Media/Policy Watch

Media/Policy Watch
This watch section is intended to alert readers to substantive news, analysis and opinion from the general media and selected think tanks and similar organizations on vaccines, immunization, global public health and related themes. Media Watch is not intended to be exhaustive, but indicative of themes and issues CVEP is actively tracking. This section will grow from an initial base of newspapers, magazines and blog sources, and is segregated from Journal Watch above which scans the peer-reviewed journal ecology.
We acknowledge the Western/Northern bias in this initial selection of titles and invite suggestions for expanded coverage. We are conservative in our outlook in adding news sources which largely report on primary content we are already covering above. Many electronic media sources have tiered, fee-based subscription models for access. We will provide full-text where content is published without restriction, but most publications require registration and some subscription level.


The Atlantic
Accessed 28 Nov 2020
Your Individually Rational Choice Is Collectively Disastrous
Stopping the virus from spreading requires us to override our basic intuitions.
November 24, 2020
Yascha Mounk
.. Many factors help explain America’s abject failure to contain the pandemic. A good number of them can be traced back to Donald Trump. But many democracies with able leaders, such as Germany and Canada, are also struggling to contain the virus, so pointing to the president’s lies and incompetence isn’t sufficient.
One major problem is that stopping the virus from spreading requires us to override our basic intuitions. Three cognitive biases make it hard for us to avoid actions that put us in great collective danger…


Accessed 28 Nov 2020
[No new, unique, relevant content]


The Economist
Accessed 28 Nov 2020
United States Nov 28th 2020 edition
America will be the first country to roll out a covid-19 vaccine
Here is how the federal government and states plan to do it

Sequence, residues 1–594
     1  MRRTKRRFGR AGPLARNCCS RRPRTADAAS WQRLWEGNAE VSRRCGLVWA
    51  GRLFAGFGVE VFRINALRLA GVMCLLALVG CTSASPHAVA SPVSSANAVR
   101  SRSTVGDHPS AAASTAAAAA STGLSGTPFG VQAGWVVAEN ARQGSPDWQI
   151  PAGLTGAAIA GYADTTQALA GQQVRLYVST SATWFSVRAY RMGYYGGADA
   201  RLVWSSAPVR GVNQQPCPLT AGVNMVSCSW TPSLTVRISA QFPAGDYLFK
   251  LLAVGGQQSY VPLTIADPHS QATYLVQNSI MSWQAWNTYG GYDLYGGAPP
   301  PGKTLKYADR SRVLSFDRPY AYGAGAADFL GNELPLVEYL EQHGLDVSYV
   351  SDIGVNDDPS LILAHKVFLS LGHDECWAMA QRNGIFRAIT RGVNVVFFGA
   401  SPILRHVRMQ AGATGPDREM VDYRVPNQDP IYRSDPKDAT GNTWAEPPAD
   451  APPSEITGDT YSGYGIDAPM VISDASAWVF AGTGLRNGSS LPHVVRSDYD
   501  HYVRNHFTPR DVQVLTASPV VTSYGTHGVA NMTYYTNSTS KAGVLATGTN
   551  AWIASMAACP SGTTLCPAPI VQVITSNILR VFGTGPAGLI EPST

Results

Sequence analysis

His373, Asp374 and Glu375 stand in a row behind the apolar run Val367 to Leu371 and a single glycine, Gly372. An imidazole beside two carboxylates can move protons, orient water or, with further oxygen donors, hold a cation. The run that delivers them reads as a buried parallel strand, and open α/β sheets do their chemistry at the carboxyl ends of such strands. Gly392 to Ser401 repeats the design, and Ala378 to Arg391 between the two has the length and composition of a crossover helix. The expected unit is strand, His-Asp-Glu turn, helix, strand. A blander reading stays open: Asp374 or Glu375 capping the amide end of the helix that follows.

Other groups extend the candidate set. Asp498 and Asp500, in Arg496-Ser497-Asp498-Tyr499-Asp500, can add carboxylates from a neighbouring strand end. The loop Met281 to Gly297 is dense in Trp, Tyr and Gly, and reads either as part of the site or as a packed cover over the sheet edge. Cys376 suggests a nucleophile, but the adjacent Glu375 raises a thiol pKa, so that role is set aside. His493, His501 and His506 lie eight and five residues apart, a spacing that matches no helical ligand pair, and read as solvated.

Financial Times
Accessed 28 Nov 2020
Coronavirus treatment
UK set to approve Pfizer-BioNTech Covid vaccine within days
…The UK is poised to become the first western country to approve a Covid-19 vaccine, with the independent regulator set to grant approval within days. Deliveries of the vaccine developed by BioNTech…
November 28, 2020

Analysis Pharmaceuticals sector
Covid vaccines offer Big Pharma a chance of rehabilitation
November 27, 2020

Analysis Coronavirus treatment
How AstraZeneca and Oxford found their vaccine under fire
ovember 27, 2020


Accessed 28 Nov 2020
Breaking  |  5 hours ago
Biden Creates Diverse Covid-19 Advisory Board To Contrast With Trump
Trump’s task force is primarily composed of political appointees with portfolios ranging from the economy to national security to housing.
By Andrew Solender Forbes Staff


Foreign Affairs
Accessed 28 Nov 2020
[No new, unique, relevant content]


Foreign Policy
Accessed 28 Nov 2020
[No new, unique, relevant content]


The Guardian
Accessed 28 Nov 2020
[No new, unique, relevant content]


New Yorker
Accessed 28 Nov 2020
[No new, unique, relevant content]


New York Times
Accessed 28 Nov 2020
Britain Set to Leap Ahead in Approving Vaccines
Regulators may approve the troubled AstraZeneca vaccine and the American-made Pfizer shot weeks before the U.S. does so.
By Benjamin Mueller Nov. 27

The military’s role in a vaccine will be strictly behind the scenes, despite Trump’s claims.
By Jennifer Steinhauer Nov. 27

The Virus Won’t Stop Evolving When the Vaccine Arrives
The coronavirus is not a shape shifter like the flu virus, but it could become vaccine resistant over time. That prompts researchers to urge vigilance.
By James Gorman and Carl Zimmer Nov. 27

After Admitting Mistake, AstraZeneca Faces Difficult Questions About Its Vaccine